“UX and SEO are actually very much aligned. Google is continuously trying to serve the best content to users, and determines a lot of whether or not content is correct for a given query based on whether a user hits the back button to return to Google and find a better result.
For example, I live in California and search Venice vacations in Google, click the first result, and perhaps hit the back button because I wanted Venice Beach, CA, not Venice, Italy. Now Google knows to serve Venice Beach, CA results for this query for users in California.
People will hit the back button due to low quality or incorrect information. However, they are even more likely to hit the back button due to a poor UX that is confusing or fails to communicate trust. If this is the case, then the page will be penalized in the search results.”
Phil Strazzulla, Founder, SSR
“If a business owner thinks of SEO and UX as conflicting, they don’t truly understand either. These initiatives should work in harmony. If a page is well-optimized for UX, it will help rankings because page features which improve UX tend to improve SEO. Technical features like fast load time and a valid SSL certificate are good for UX and are both SEO ranking factors. It’s also well known that Google’s RankBrain algorithm analyzes UX signals like click-through rate and bounce rate to impact rankings. Business owners should focus primarily on improving the user experience of their website, and SEO rankings improvements will come naturally because Google’s prerogative is directing users to sites which are well-organized and fulfill their search intent.”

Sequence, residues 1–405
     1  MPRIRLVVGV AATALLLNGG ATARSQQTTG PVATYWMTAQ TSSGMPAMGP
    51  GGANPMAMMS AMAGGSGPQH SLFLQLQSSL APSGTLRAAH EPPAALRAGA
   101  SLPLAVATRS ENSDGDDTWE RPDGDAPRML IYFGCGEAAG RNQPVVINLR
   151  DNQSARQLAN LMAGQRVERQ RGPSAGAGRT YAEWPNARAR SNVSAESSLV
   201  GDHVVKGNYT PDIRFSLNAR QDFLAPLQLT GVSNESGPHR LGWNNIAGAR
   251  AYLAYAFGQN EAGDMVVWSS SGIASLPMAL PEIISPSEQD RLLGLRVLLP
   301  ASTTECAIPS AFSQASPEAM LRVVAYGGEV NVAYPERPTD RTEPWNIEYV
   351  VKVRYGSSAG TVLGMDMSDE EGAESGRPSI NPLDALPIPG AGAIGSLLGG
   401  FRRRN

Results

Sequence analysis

Calloway Cook, Founder, Illuminate Labs
“Without UX, SEO can’t exist. There is so much focus on usability from a search engine standpoint. For instance, site speed is a priority ranking in search – your site needs to be fast. Also, mobile-friendliness – your website needs to be responsive and be able to load across multiple devices, especially since Google and other major search engines are now looking at your mobile experience for rankings before even touching your desktop website. Your site structure and navigation also need to be easy to understand and crawl. If search engines can’t understand the layout of your website, then they simply won’t rank it. They need to be able to find pages quickly and easily in order to rank it. Focus on items like these from a UX standpoint, and you’ll lay the foundation for a great SEO strategy, both for users and search engines.”